The causes of orthodontic problems (etiology of malocclusion) can be grouped into three basic groups: specific causes, genetic influences, and environmental influences.
- Disturbances in embryologic development such as cleft palate
- Skeletal growth disturbances such as birth trauma
- Muscle dysfunction such as muscular dystrophy
- Disturbances of dental development such as missing teeth, extra teeth, improper guidance of the eruption of teeth (impacted teeth), and trauma to teeth
- These specific causes account for only 5% of orthodontic problems
In the most widely used orthodontic textbook, Contemporary Orthodontics, the author, Dr. William Proffit, upon review of numerous studies, reported that the heritability of craniofacial characteristics (skeletal shapes) was fairly high but the heritability of dental characteristics (fit of the bite) was low. This means that the general shape of the facial structure has a significant genetic component but the fit of the bite and the alignment of the teeth have a little genetic basis.
Early in my orthodontic career, I would often provide the explanation for why a child’s teeth did not fit properly by saying “your child has inherited small jaws from Mom and large teeth from Dad so there is not enough room for the teeth to come in straight”. This is simply not the case. Analyses of skulls from 300 years ago find very few orthodontic problems, but, almost 85% of children in developed countries now have orthodontic problems.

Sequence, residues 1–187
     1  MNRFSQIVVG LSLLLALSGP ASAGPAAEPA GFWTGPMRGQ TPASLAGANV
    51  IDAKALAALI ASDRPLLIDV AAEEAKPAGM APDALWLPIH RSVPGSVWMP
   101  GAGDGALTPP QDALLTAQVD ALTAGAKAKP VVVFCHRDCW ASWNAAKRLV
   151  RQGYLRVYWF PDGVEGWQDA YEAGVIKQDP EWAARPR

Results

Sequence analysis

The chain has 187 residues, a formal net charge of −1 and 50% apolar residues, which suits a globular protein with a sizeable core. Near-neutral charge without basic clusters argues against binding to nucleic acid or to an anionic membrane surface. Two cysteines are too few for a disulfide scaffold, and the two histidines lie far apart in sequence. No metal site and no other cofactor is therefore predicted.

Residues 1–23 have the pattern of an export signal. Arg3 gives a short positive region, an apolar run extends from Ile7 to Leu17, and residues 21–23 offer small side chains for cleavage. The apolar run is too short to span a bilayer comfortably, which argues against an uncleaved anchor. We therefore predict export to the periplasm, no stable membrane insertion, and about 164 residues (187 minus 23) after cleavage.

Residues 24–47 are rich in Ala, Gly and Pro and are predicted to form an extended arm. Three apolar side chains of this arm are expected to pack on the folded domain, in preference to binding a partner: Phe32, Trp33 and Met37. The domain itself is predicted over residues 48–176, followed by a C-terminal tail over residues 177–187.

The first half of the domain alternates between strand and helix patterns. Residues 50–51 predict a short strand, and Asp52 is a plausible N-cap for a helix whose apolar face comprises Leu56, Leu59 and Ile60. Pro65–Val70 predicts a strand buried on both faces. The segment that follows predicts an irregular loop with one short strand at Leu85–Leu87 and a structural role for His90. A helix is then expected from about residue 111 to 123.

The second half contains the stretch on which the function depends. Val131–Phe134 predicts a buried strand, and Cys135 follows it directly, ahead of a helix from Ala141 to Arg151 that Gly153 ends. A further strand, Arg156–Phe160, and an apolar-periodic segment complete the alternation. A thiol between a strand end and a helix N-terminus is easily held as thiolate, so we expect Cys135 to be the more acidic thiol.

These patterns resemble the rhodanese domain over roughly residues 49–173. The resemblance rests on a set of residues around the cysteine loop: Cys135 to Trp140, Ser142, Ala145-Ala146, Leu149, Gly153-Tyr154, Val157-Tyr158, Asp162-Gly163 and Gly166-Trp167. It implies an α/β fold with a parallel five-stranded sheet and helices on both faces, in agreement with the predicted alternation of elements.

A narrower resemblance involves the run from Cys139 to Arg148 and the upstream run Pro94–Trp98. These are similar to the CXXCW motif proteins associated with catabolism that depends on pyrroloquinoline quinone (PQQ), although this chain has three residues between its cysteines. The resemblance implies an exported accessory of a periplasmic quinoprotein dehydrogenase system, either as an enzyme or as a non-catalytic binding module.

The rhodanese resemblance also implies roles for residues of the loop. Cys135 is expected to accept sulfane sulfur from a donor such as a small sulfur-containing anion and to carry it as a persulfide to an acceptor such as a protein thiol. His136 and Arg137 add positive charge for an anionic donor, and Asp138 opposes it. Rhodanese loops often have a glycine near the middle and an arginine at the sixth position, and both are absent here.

Genetic changes that would be required to explain this difference in orthodontic problems would take 30,000 years or more, so over the course of 300 years there could not be genetic changes sufficient to account for the changes we see.
It appears that environmental influences on the expression of genes (epigenetics) could be the predominant cause of orthodontic problems. Proffit states that malocclusion (orthodontic problems) is a “disease of civilization” (Proffit, 2013).
The changes we have created in our environment (such as bottle feeding, and a softer diet) over the past few hundred years appear to have altered the way our faces and teeth grow. These environmental influences often result in an orofacial myofunctional disorder and include things such as:
- Changes to the transition from breastfeeding to solid foods
- Abnormal tongue rest position
- Abnormal swallow
- Mouth breathing
- Poor oral habits (thumb sucking, soothers, etc.)
- Poor posture is often related to the sedentary aspect of modern life
- Increased stress related to our fast-paced, modern life
- Increased environmental contaminants that trigger allergies
- Changes to diet such as processed foods